The Difference Between a Stock Option and a Warrant
Stock options and warrants are very similar financial instruments but differ in a few key ways.
The key differences:
- Trading – stock options are financial instruments that transact between two, non-principle parties, where as a warrant is issued (created) by the underlying company itself.
- Existing vs New Shares – when stock options are traded, they are based on existing company shares. However, when a warrant is traded, it is based on new shares created by the company. A warrant is therefore an option and an issuance of a new underlying share.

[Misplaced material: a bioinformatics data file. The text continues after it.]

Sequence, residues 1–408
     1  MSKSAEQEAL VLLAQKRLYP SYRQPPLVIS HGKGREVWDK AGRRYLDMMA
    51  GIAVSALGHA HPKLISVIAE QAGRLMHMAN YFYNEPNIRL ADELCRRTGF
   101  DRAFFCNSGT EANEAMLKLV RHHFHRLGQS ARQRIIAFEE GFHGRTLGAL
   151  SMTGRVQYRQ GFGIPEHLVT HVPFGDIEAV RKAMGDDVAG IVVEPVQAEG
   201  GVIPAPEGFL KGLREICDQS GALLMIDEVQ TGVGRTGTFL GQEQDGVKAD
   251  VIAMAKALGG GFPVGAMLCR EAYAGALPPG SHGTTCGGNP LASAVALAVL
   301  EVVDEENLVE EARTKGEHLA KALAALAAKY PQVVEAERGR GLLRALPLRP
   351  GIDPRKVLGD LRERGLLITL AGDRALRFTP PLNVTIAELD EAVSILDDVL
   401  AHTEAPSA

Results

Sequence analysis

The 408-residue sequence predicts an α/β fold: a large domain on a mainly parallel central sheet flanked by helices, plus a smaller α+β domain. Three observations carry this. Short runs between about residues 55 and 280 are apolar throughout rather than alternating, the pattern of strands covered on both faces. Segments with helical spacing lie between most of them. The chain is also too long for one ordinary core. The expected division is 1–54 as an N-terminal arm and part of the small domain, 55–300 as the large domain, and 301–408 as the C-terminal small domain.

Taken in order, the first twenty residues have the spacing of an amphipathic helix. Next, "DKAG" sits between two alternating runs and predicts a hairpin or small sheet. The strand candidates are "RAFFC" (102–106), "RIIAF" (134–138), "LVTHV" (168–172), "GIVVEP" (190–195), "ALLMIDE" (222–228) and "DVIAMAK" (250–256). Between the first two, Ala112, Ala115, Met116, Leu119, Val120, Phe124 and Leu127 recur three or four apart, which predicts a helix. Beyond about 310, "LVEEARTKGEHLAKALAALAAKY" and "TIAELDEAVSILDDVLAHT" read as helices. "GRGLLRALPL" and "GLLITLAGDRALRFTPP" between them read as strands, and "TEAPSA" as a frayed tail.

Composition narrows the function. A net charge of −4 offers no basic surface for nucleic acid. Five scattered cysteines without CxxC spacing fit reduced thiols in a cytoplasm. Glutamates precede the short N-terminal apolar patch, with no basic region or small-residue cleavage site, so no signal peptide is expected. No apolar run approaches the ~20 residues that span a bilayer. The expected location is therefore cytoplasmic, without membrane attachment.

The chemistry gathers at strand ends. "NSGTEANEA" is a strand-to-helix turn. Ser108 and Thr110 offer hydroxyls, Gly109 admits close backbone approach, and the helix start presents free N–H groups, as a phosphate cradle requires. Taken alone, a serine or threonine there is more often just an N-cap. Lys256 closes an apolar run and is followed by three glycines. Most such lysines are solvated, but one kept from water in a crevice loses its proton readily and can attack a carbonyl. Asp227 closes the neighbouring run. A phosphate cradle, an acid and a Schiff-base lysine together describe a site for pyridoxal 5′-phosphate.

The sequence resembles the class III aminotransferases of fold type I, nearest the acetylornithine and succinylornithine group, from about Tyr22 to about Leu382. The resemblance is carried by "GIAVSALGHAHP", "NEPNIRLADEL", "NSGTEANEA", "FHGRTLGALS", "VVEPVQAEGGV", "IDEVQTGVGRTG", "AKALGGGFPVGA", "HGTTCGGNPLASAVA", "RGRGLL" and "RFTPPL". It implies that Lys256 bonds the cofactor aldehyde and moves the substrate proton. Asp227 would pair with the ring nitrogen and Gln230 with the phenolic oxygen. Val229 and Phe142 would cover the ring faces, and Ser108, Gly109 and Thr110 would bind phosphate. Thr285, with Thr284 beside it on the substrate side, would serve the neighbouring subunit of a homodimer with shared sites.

- Duration – while stock options typically only have 2-3 year maximum durations and most often trade within the range of a few months, warrants can last 10 years or more.
Most people know what stock options are and how they behave. Generally, there are two types of stock options: calls and puts.
Call Option – the right to BUY a stock at a certain price, by a certain time.
Put Option – the right to SELL a stock at a certain price, by a certain time.
A warrant behaves like a call option.
…just thought I’d clear that up.